“Learning English while you are young, it’s easier than doing it when you are older.” This is one of the most common pieces of advice we hear when it comes to learning a language. How useful is it though?
There are certain aspects of language learning that come more easily to a younger learner. The ability to naturally acquire the same accent as a native speaker, for example, is said to decrease every year after the onset of puberty due to physical changes in the brain. This means that adult learners often need to make the most of different learning strategies as opposed to children in order to be successful.
Another factor is simply time. Children have more time to devote to learning – it’s a full-time job for them throughout their school years. Not many adults have the luxury for dedicating that amount of time to their own learning and, as they progress in their careers, they have even less time as they take on more responsibility.
The final factor that makes it seem like young people can learn faster is their lack of fear. Young people tend to be more open to learning English in new ways and find it easier to overcome their fear of making mistakes. Making mistakes are a natural part of the learning English process and is what helps people to explore new areas of a language in order to become more fluent and express themselves more effectively. The fear of making mistakes is what often causes adult learners to reach an intermediate level in a language then get stuck in a rut, making no further progress. With this in mind, we have created 10 benefits of studying abroad between the ages of 11-17.
10 benefits of studying abroad between the ages of 11-17
Studying abroad is hugely rewarding at any age, but for younger students aged between 11 and 17, it can have additional benefits – here are 10 of them:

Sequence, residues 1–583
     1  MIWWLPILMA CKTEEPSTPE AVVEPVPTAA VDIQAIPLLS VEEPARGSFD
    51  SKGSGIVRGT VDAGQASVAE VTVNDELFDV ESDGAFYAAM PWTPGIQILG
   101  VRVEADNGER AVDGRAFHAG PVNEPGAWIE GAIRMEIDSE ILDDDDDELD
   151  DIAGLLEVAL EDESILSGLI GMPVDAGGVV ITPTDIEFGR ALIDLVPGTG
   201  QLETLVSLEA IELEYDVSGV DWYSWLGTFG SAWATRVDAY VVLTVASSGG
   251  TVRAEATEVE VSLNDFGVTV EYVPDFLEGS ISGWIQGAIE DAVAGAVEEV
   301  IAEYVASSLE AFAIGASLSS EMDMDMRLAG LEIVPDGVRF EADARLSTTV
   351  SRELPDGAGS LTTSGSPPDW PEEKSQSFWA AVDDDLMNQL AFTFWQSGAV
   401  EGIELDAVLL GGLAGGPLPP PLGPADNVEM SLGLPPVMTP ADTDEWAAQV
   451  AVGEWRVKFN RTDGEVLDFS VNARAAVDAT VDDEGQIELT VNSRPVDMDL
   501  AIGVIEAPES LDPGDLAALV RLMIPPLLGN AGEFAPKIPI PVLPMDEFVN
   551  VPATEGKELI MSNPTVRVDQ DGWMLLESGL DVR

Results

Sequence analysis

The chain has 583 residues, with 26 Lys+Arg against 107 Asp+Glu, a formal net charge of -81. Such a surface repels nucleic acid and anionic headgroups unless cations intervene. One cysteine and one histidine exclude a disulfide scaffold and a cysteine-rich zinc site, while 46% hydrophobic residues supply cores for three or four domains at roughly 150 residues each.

1. Ease of learning
Studies show that it’s often easier to learn something, the younger you are. This is especially true for foreign languages. For a young person studying abroad, these skills are often ingrained in them for life.
2. Fewer responsibilities
Studying abroad at a young age makes perfect sense, as you are not yet tied down with responsibilities, such as paying for a mortgage or raising a family. You have the time and freedom to really enjoy the experience.
3. Make lifelong friends
It’s usually easier to make friends the younger you are, especially in a study environment. The friendships you make studying abroad at an early age are often lifelong.
4. Learn vital life skills
There are many essential life skills to be gained studying abroad at a young age, aside from language skills. These include relationship building, decision-making and problem solving.
5. Learn about new cultures
Even if you’ve been abroad on holidays, studying overseas gives you your first real insight into new cultures. This can broaden your mind from an early age and help you understand different ways of life. Kevin Dynan, the Director of Global Medical Projects, offers his advice on why it’s important to live in a foreign country,
“Living in a foreign country (rather than just visiting) gives you the opportunity to learn far more about different cultures and ways of life than you ever could watching TV, browsing the internet or even just visiting a country on holiday. Going somewhere on holiday is a bit like looking through the window on a community, cultural voyeurism if you will, but living in a community gives you a far better understanding of the issues that affect people and what makes them who they are. “
6. Academic achievements
Being exposed to a language in its native country is the best way to learn a language, and may improve exam grades. Having this experience under your belt also looks impressive when applying for courses and jobs.
7. Being independent
It can be daunting for youngsters to leave home to go to college, but if you’ve already experienced time away from home through studying abroad at a young age, you’ll have gained confidence and independence.
8. Structured programme
Study programmes for young people are very structured and can be a really cost-effective way to learn a language or learn about a new country. Students often stay with host families, which can enrich the experience.
9. Discover new hobbies
Outside of Learning English, students will have time to enjoy the social side of life in the host country, where they may discover a new interest. This could be a type of dancing, sport or craft activity specific to that country.
10. Interest in travel
Studying abroad stimulates an interest in travel from an early age. As well as learning English about new cultures, students can discover new terrains, landmarks, buildings and cuisine.
More and more secondary schools in Europe are focussing on Bilingual education with English, sending both their teachers and students abroad for short courses. Private ESOL providers such as the Irish College of English provide this service to thousands of learners every year and are instrumental in facilitating furthering the prospects of adult and junior students across the globe.